We also stained the tissue biopsies with Qdot 655 multimers containing peptides corresponding to the following known MamuA*01 restricted SIV epitopes (for full description see Table Table4):4): Gag LW9, Gag QI9, Gag LF8, Pol LV10, Pol QV9, Pol SV9, Env CL9, Env ST10, Env TL9, Tat SL8, or VIF QA9, or FLP peptides. Few cells (< 0.01%) were positive for Gag LW9, Gag QI9, Gag LF8, or Pol SV9 in the spleen and no positive cells were detected for Pol LV10, Pol QV9, Env CL9, Env ST10, Env TL9, Tat SL8, or VIF QA9, consistent with previous reports that the Gag CM9 response is dominant in chronically SIV infected Mamu-A*01 positive RMs [16,17]. To confirm specificity of our Qdot 655 multimer staining, we used the same Qdot 655 conjugated with the Mamu-A*01 MHC Class I allele but loaded with an irrelevant peptide (FLP) as a negative control. No staining was seen with the FLP Qdot 655 multimer (Fig. 4B-F, third column). Cryopreserved spleen, mesenteric lymph nodes, ileum and colon tissues biopsies were obtained from non SIV infected Mamu-A*01 negative RM and used as further negative controls. They were stained with the Gag CM9 Qdot 655 multimer (Fig. 4B-E, right column) and with the FLP Qdot 655 multimer (data not shown); no positive cells were detected. We found that the intraepithelial cells in the ileum and in the colon showed higher autoflorescence than cells in Peyer's patches, solitary lymphoid follicles, lymphoid follicles and spleen; and hence careful analysis of low frequency cells, particularly in the intraepithelial region, is of importance to account for this background fluorescence.
Gag CM9 positive cells were abundant and widely dispersed throughout the T cell zone in all the tissues analyzed (Fig. (Fig.4).4). The cells showed a clustered staining pattern (Fig. (Fig.44 and and5D),5D), indicating possible clonal expansion. In the ileum and colon the Gag CM9 positive cells were mainly located in Peyer's patches and solitary lymph nodes, respectively (Fig. (Fig.4D4D and and4E),4E), with few Gag CM9 positive cells dispersed in the lamina propria (Fig. (Fig.4F4F).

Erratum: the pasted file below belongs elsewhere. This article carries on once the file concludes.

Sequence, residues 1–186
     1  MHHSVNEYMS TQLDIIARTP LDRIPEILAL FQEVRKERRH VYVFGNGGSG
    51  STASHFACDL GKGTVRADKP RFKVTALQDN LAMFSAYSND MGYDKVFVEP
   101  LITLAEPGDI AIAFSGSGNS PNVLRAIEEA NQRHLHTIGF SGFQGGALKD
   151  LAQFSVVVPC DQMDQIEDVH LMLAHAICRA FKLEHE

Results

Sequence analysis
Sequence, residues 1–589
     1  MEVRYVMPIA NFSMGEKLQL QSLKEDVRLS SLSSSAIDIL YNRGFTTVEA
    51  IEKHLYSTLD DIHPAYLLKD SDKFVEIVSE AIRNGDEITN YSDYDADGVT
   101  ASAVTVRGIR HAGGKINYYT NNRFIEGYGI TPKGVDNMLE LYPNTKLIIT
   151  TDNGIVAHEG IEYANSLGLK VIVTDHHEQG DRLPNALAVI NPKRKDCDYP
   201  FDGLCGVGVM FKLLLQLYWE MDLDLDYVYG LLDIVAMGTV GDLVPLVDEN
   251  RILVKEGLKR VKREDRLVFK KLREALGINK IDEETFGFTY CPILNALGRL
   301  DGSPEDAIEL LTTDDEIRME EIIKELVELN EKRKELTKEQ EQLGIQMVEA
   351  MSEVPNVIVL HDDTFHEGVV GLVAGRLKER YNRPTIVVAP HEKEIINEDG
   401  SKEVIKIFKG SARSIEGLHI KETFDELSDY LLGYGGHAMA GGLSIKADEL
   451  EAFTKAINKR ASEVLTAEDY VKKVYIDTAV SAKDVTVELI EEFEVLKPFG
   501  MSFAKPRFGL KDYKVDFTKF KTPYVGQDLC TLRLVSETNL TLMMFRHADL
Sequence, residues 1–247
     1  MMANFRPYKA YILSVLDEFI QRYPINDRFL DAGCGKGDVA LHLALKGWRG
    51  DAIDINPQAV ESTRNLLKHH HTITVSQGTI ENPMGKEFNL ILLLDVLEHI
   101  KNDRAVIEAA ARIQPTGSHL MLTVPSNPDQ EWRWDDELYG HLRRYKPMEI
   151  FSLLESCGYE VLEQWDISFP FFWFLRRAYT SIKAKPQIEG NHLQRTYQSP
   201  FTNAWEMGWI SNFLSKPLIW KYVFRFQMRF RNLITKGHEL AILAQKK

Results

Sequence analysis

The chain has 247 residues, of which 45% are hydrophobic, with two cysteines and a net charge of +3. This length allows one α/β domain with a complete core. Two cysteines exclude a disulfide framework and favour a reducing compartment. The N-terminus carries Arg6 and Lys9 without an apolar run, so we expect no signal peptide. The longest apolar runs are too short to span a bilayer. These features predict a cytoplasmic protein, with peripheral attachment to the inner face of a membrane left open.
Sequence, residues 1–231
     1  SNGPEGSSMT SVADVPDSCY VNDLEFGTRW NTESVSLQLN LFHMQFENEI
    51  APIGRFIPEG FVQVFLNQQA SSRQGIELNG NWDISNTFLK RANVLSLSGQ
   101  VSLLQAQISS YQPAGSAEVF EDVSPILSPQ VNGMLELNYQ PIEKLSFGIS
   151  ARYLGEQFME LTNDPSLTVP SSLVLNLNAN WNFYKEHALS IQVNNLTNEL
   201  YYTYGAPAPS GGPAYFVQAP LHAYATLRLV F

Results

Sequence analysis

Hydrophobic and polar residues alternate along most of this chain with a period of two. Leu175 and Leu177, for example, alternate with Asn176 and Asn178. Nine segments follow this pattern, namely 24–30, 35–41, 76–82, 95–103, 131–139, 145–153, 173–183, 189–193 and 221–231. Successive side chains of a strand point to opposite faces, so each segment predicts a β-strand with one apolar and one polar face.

We next stained for CD20 to localize the lymphoid follicles, which harbor HIV infected CD4 cells, and follicular dendritic cells, which contain infectious virus particles [21,30,31]. Co-staining of CD20 and Gag CM9 Qdot 655 multimer revealed that the majority of the Gag CM9 positive cells in spleen, lymph node, ileum and colon were excluded from the lymphoid follicles (Fig. (Fig.5).5). However, some Gag CM9 positive cells were seen in the junction between the follicle and the extra follicular area, and in the extra follicular area (Fig. (Fig.5D5D and and5E),5E), indicating that some of these cells are able to enter the B cell follicle and therefore have the potential to come in close proximity with infected cells or cells carrying SIV particles.
We have developed a method to allow direct visualization of virus specific cells in frozen tissue. The use of SIV specific APC tetramers for in situ staining traditionally requires a two-step enhancement methodology and the use of fresh tissue, as staining in frozen tissue results in low signal to noise ratio [11-13]. In this paper, we report technical improvements in staining frozen tissues using commercially available Qdots (nanocrystals). Qdots have an intrinsic brightness and are constructed to have seven to eight streptavidin molecules covalently attached to each Qdot particle and thus are able to bind 32 peptide-MHC monomers under saturated conditions. The enhanced binding and brightness are the likely explanation for our ability to detect virus specific cells even in frozen tissue. Imaging analysis of the Gag CM9 Qdot 655 multimer demonstrated a tenfold higher mean staining intensity than the Gag CM9 APC tetramer, even though similar sensitivity and specificity was found for the two different compounds during flow cytometry analysis. Furthermore, the frequency of the Gag CM9 Qdot 655 multimer positive cells that were detected by in situ staining in blood, spleen, and lymph nodes was similar to that detected by flow cytometry analysis. Thus, the Qdot 655 multimer, when used with our optimized protocol on cryopreserved tissue, allows a more detailed in situ analysis of Gag CM9 specific CD8+ T cells, and provides the technology for monitoring T cell responses during SIV and other viral infections.
Our in situ study demonstrates detection of Gag CM9 positive cells in frozen lymphoid tissue (spleen, lymph nodes and gastrointestinal tract) analyzed from chronically SIVmac239 infected Mamu-A*01 positive RMs. The Gag CM9 positive cells were abundant, ranging from 2.43%- 9.59% of all CD8+ cells, confirming reports using flow cytometry or in situ staining of fresh tissues using tetramers [10,24-28]. We also looked for CD8+ T cells recognizing other Mamu-A*01 restricted epitopes. Specifically, we did not detect any Tat SL8 (an epitope that is immundominant in early SIV infection) specific CD8+ T cells in our tissue sections, which is most likely due to the fact that these biopsies are taken from chronically infected rhesus macaques (77-85 days post-SIV infection), and the Tat SL8 response usually escapes during the acute infection phase . Furthermore, no subdominant Mamu-A*01 restricted SIV CD8+ T cells were detected, confirming that the Gag CM9 response is dominant in chronically SIV infected Mamu-A*01 positive RMs .